Despite improvements of IPv6 over IPv4, most of the internet still runs on IPv4. Since legacy infrastructure runs IPv4, updating to IPv6 can be an expensive and complex migration. However, IPv6 is becoming standard in industries where state-of-the-art networking is beneficial—like with ISPs and mobile or IoT manufacturing.

For organizations looking to build modern network infrastructure, particularly with complex IoT and microservice requirements, building with IPv6 as the default is a wise architectural decision. Similarly, IPv6 can ensure future network sustainability for large global organizations already struggling with IPv4 overheads management and addressing exhaustion.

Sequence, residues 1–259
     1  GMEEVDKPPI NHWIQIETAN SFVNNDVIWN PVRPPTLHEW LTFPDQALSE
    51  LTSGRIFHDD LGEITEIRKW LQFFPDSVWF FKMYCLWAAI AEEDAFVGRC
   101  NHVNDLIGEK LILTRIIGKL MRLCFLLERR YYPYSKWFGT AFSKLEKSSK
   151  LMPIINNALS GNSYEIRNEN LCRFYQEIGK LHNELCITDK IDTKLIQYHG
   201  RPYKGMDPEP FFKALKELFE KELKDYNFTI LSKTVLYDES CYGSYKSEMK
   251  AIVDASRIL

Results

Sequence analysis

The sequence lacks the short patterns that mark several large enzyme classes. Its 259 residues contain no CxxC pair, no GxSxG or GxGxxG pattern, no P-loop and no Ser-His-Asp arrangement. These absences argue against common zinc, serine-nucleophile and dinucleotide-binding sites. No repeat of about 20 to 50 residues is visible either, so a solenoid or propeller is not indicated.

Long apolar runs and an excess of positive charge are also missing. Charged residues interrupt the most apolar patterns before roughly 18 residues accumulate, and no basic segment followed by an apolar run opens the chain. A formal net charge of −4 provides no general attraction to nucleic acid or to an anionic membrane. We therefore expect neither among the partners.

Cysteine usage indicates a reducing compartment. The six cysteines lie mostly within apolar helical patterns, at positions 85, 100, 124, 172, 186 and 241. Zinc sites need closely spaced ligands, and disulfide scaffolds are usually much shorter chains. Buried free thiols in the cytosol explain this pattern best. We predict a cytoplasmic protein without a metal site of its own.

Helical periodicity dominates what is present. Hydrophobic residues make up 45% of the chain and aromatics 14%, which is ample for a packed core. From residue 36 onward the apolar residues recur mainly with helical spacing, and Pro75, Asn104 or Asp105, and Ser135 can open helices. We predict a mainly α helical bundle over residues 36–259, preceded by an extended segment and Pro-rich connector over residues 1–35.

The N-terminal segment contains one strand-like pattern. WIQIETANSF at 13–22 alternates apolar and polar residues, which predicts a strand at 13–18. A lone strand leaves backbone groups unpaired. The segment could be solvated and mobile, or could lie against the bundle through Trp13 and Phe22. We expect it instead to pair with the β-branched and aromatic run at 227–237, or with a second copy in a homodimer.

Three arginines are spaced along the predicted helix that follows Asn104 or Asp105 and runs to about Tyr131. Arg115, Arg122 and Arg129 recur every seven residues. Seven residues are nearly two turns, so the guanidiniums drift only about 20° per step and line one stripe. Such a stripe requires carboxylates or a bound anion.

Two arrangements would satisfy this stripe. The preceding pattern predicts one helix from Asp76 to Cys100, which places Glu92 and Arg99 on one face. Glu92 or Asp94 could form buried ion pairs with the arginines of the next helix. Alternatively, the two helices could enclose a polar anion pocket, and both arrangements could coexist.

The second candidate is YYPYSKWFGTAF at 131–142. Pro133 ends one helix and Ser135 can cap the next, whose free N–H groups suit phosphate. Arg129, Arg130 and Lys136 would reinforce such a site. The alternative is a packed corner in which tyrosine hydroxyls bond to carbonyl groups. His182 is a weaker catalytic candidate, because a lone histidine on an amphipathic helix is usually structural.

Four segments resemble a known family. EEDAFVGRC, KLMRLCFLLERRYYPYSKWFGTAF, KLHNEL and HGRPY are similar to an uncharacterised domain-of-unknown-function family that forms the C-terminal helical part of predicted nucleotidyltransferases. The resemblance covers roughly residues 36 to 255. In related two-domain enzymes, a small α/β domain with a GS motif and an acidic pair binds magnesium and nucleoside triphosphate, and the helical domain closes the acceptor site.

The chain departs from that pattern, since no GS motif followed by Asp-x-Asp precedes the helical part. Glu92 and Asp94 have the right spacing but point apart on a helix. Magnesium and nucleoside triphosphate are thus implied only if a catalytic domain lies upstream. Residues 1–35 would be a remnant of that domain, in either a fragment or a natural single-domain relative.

Summary of differences: IPv4 compared with IPv6





What is it?

Internet Protocol version four

Internet Protocol version six

Address size

32 bits, or 232 IP addresses

128 bits, or 2128 IP addresses

Naming standard

Numerical IP address. Four lots of three-digit numbers, separated by full stops.

Alphanumeric address. Eight lots of four-character hexadecimal numbers, separated by colons.


Loopback address


Requires address translation

Yes, through Network Address Translation (NAT)


Packet addressing

Unicast, broadcast, and multicast

Unicast, multicast, and anycast

Address configuration

Manual and DHCP configuration

Autoconfiguration on device using Stateless Address Autoconfiguration (SLAAC). DHCPv6 is also supported for stateful connections.

Header size

Variable; 20 bytes, which can increase up to 60 bytes when optional fields and flags are added